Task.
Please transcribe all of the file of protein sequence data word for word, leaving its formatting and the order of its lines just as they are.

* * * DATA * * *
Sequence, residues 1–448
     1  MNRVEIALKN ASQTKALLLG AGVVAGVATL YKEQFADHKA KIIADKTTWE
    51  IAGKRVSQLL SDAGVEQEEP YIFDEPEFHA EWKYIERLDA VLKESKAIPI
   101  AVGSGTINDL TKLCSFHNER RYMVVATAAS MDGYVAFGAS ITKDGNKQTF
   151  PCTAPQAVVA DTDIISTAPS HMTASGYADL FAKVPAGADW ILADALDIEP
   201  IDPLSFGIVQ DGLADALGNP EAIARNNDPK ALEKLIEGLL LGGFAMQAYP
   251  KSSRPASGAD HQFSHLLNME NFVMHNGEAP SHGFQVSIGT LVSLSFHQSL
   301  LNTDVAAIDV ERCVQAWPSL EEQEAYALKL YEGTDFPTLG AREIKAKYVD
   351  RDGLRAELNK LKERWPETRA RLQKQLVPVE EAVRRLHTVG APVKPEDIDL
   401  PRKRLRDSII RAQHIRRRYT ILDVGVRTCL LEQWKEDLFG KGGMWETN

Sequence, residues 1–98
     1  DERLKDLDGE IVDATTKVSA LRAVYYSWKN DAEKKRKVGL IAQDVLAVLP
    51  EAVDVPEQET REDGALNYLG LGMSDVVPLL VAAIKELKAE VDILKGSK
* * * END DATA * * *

Sequence, residues 1–448
     1  MNRVEIALKN ASQTKALLLG AGVVAGVATL YKEQFADHKA KIIADKTTWE
    51  IAGKRVSQLL SDAGVEQEEP YIFDEPEFHA EWKYIERLDA VLKESKAIPI
   101  AVGSGTINDL TKLCSFHNER RYMVVATAAS MDGYVAFGAS ITKDGNKQTF
   151  PCTAPQAVVA DTDIISTAPS HMTASGYADL FAKVPAGADW ILADALDIEP
   201  IDPLSFGIVQ DGLADALGNP EAIARNNDPK ALEKLIEGLL LGGFAMQAYP
   251  KSSRPASGAD HQFSHLLNME NFVMHNGEAP SHGFQVSIGT LVSLSFHQSL
   301  LNTDVAAIDV ERCVQAWPSL EEQEAYALKL YEGTDFPTLG AREIKAKYVD
   351  RDGLRAELNK LKERWPETRA RLQKQLVPVE EAVRRLHTVG APVKPEDIDL
   401  PRKRLRDSII RAQHIRRRYT ILDVGVRTCL LEQWKEDLFG KGGMWETN

Sequence, residues 1–98
     1  DERLKDLDGE IVDATTKVSA LRAVYYSWKN DAEKKRKVGL IAQDVLAVLP
    51  EAVDVPEQET REDGALNYLG LGMSDVVPLL VAAIKELKAE VDILKGSK